Ed returned home to Preston where he met Betty Banas of Norwich at a dance at Polonia Park. Ed and Betty married on November 22, 1947 and they raised six children together in Preston. He was a wonderful husband to Betty for over 65 years. He routinely picked flowers for her from their yard, filling vases all over the house. Right up until the end he could still often be caught holding hands with his “girl”.

Ed went to work at the American Thermos Company sweeping the floors as a teenager. When he retired 42 years later, he was the head of the Experimental Machine Shop. His years in the machine shop gave him the ability to fix or build pretty much anything his family needed and in his retirement Ed became an accomplished clocksmith.

Ed was the best father, grandfather, and great-grandfather. He passed along the things that were important to him: the value of education, hard work, self-reliance, pride in his Polish heritage, and an appreciation of the beauty in the world all around us.

Despite having only one year of high school education, Ed had a lifelong love of learning. He and Betty worked hard to ensure that all six of their children received a college education. He had an endless curiosity and appreciation of nature and made careful observations of his beloved woods. He made notes on how cold it is when rhododendron leaves start to curl. He observed the territorial and eating habits of birds in his yard, and he was a bountiful gardener.

He enjoyed travel. Ed said the best thing about being drafted into WWII was he got to see places he never would have in his life. He enjoyed seeing the different ways people live and it gave him an appreciation that “Everybody’s got their own way of doing things,” and that's just fine.

Ed loved music and dancing. He got a kick out of blasting the weekly polka show on the radio, which always gave him a spring in his step. At a recent family wedding, his daughters and granddaughters all stood in line waiting for their turn to dance with him in his top hat and tails. No one was better at spinning a partner during a polka than Ed.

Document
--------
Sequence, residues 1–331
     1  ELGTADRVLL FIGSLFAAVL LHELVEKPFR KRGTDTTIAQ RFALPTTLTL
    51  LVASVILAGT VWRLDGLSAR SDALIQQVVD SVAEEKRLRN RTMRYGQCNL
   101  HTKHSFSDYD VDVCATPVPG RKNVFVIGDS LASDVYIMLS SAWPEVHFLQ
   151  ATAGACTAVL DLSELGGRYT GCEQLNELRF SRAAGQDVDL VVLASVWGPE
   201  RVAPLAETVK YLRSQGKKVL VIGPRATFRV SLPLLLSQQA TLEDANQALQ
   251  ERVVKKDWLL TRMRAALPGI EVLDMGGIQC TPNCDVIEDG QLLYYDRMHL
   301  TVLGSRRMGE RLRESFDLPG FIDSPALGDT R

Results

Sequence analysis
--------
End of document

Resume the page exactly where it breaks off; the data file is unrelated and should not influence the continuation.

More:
Ed was always looking to make a connection with people. One of his sons-in-law gave him a hat with the USS Pasadena on it. He loved how many conversations that hat could start; someone was always coming up to ask him about the Navy. While going through chemo treatments, he would be looking for other patients he could cheer up, or teasing the nurses, and joking with the doctors. Whether it was learning something new, licking a plate clean after a slice of homemade pie, or spending time with his family, you could tell Ed truly loved life, “You betcha!”

Ed is survived by his wife, Elizabeth, of Preston, six children, Richard Wisniewski and his wife, Terry, of Norwich, Edward Wisniewski and his wife, Barbara, of Bozrah, CT, Marianne Byrne and her husband, David, of Prospect, CT, Kathleen Jaycox of Carbondale, CO, Susan Wisniewski of Beacon, NY, and Christine Wisniewski and her husband Paul Greenspan, of Sudbury, MA. Ten grandchildren and four great-grandchildren. One sister, Martha Janciewicz, of Norwich. Two brothers, Paul Wisniewski of Fort Meyers, FL and Walter Wisniewski of Preston.

In lieu of flowers, memorial donations may be made to The Wisniewski-Banas Scholarship at the Norwich Free Academy Foundation, Inc. at 321 Broadway, Norwich, CT 06360. The donations will be used towards a scholarship established in Ed and Betty's name.

American Folklore Society National Aging in Place Council Socieity of Geneologist London
“Do it while you can.”
— Ed Wisniewski